The promise by Nicola Davies; illustrated by Laura Carlin (2013)

[Welcome to my week of Sophisticated Picture Books]

promiseThis week it’s all about my most recent obsession, picture books for an older audience. They will come under the category “sophisticated picture books,” let’s say an audience of aged about 8+, although as always this is a suggestion only.

In a mean and hard and ugly city lives a young girl. “Nothing grew. Everything was broken. No one ever smiled.” The hardness of the city has seeped into the hearts of its inhabitants.

One night out thieving, our hero/villain encounters an old lady whose bag she steals. The IMG_1400victim makes the thief promise “to plant them.” Not knowing or caring what this means, the thief agrees. When she discovers a bag full of acorns she understands the implications of what she has promised and her heart changes.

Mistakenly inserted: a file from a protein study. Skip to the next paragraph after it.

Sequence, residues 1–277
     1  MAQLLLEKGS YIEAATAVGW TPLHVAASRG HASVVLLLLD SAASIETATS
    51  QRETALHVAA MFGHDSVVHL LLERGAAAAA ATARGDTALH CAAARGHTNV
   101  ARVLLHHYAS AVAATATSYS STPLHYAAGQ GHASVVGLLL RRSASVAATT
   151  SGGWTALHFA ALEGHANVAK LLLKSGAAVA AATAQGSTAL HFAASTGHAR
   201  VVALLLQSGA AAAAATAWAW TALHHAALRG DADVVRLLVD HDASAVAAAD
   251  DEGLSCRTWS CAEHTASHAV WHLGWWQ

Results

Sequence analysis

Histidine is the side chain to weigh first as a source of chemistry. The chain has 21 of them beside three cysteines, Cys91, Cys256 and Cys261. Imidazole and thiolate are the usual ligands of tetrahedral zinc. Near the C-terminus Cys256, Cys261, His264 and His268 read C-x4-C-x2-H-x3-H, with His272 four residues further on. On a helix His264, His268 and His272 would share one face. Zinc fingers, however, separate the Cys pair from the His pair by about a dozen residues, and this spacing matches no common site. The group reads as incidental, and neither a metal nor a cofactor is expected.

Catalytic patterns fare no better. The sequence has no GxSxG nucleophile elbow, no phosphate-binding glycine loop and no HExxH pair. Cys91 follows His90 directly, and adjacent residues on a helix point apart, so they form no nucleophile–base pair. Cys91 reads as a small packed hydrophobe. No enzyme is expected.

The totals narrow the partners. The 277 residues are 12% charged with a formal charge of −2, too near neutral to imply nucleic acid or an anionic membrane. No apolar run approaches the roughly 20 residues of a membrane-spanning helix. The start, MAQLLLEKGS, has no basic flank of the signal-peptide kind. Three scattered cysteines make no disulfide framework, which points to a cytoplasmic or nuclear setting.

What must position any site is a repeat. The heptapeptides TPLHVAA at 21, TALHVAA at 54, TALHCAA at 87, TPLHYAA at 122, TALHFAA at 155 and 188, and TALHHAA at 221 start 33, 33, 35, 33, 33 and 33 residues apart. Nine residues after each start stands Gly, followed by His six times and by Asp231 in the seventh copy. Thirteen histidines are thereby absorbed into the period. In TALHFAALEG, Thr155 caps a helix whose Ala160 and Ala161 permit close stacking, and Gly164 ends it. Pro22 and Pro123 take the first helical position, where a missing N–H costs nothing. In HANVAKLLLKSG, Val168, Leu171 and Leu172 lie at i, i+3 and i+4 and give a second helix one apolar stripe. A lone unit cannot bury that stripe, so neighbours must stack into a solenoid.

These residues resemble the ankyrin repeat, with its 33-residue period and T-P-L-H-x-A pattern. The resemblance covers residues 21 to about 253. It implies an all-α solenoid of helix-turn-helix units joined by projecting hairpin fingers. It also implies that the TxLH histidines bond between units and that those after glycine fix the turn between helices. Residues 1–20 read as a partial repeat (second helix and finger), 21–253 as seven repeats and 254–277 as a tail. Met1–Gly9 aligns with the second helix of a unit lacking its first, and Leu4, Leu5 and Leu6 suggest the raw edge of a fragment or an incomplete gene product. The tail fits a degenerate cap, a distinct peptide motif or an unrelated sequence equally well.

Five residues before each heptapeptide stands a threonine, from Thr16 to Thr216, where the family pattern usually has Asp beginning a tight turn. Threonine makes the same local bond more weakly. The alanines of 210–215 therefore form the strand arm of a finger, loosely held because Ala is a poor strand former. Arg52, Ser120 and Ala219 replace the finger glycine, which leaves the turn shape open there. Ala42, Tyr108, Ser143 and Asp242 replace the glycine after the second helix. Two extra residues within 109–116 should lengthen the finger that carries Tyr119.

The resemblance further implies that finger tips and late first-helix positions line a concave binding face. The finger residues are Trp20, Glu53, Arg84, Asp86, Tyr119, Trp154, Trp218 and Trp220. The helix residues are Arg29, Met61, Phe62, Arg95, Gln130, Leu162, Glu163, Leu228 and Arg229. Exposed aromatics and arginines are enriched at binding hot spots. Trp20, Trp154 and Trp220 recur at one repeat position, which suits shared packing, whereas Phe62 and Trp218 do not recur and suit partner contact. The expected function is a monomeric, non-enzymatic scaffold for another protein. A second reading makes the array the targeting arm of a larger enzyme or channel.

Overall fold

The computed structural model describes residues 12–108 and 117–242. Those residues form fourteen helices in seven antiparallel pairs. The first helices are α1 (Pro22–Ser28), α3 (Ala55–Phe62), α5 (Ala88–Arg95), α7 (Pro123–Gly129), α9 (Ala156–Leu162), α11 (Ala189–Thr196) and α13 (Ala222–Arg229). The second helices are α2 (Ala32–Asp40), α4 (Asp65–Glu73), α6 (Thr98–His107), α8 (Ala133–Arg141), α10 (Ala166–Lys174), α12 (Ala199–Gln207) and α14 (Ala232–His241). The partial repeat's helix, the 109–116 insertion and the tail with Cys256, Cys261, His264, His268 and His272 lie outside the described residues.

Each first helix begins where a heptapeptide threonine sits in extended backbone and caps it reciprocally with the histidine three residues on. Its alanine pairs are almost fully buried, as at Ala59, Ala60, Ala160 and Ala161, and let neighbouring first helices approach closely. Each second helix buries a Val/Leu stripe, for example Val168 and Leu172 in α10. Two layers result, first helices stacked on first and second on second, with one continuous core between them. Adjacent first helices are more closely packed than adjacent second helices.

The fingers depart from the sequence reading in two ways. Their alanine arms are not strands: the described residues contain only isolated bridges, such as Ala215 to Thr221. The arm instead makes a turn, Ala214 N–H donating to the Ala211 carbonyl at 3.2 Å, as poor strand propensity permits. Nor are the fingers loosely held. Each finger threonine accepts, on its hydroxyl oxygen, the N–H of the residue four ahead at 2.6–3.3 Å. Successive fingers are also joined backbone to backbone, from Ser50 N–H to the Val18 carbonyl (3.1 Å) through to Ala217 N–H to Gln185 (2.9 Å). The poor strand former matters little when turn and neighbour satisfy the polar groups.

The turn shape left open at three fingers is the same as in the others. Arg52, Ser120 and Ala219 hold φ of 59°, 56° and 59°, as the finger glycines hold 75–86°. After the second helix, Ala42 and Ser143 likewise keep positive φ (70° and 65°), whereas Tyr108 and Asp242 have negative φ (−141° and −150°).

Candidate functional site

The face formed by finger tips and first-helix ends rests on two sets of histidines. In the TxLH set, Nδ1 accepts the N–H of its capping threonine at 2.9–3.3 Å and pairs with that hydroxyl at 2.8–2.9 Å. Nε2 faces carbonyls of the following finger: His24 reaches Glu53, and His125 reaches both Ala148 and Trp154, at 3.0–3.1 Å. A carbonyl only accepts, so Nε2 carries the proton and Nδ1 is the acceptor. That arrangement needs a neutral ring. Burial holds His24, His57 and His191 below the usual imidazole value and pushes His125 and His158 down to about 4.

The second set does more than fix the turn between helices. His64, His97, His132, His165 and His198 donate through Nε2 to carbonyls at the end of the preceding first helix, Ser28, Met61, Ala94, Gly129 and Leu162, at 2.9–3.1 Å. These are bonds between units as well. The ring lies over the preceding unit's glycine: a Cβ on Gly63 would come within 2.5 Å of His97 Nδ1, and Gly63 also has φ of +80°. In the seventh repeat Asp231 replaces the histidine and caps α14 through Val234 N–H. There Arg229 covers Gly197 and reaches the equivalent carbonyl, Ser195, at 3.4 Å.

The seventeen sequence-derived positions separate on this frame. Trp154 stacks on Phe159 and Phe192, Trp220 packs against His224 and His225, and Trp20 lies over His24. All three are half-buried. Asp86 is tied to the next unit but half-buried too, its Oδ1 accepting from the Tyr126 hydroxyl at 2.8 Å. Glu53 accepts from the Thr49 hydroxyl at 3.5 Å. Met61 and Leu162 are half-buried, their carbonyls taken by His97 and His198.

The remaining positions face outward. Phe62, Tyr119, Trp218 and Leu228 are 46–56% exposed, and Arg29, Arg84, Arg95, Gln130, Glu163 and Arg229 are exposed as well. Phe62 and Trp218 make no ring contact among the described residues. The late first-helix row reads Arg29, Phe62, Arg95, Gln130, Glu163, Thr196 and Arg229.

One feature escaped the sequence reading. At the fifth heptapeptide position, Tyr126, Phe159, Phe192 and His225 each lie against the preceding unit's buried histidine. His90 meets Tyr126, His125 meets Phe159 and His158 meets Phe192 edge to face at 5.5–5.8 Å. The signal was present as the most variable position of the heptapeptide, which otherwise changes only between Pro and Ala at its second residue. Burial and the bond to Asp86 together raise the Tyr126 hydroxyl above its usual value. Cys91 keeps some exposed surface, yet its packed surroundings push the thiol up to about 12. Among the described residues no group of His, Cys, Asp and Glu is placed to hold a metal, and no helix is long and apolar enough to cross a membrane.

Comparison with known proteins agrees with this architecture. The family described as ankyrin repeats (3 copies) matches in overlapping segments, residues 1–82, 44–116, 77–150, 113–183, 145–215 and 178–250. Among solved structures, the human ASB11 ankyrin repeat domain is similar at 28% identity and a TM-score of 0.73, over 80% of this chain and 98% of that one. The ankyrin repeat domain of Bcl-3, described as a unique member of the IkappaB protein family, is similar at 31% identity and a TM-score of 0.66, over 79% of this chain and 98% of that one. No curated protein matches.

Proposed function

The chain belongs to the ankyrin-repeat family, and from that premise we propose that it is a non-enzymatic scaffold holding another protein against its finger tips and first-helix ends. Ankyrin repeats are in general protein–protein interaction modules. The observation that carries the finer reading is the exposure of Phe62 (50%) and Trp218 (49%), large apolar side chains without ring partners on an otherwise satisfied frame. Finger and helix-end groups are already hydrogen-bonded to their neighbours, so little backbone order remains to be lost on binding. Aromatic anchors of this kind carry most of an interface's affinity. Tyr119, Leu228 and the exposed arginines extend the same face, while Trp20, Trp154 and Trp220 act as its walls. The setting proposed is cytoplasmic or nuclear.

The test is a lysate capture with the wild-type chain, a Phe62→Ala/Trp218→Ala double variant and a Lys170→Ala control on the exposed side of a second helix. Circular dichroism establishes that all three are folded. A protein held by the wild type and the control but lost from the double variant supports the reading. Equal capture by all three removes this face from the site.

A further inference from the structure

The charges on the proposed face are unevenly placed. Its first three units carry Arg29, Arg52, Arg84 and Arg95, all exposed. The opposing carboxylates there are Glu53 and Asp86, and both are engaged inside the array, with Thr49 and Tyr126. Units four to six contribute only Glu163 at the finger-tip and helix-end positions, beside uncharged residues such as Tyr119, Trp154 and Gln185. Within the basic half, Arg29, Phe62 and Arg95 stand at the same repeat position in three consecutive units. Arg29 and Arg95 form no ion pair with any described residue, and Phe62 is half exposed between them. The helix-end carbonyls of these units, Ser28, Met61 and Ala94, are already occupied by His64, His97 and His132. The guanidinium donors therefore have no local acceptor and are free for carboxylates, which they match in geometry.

From this point on the dull, depressing palette shifts slowly, along with the environment, and finally the hearts and souls of the people.

There is beautiful language in this story, in particular its use of similes, “A gritty, yellow wind blew constantly, scratching around the buildings like a hungry dog.” The message of hope and the importance of the environment would be wonderful to share and explore with an older school class.

Check out The promise at Auckland Libraries.

Or buy The promise from Fishpond.


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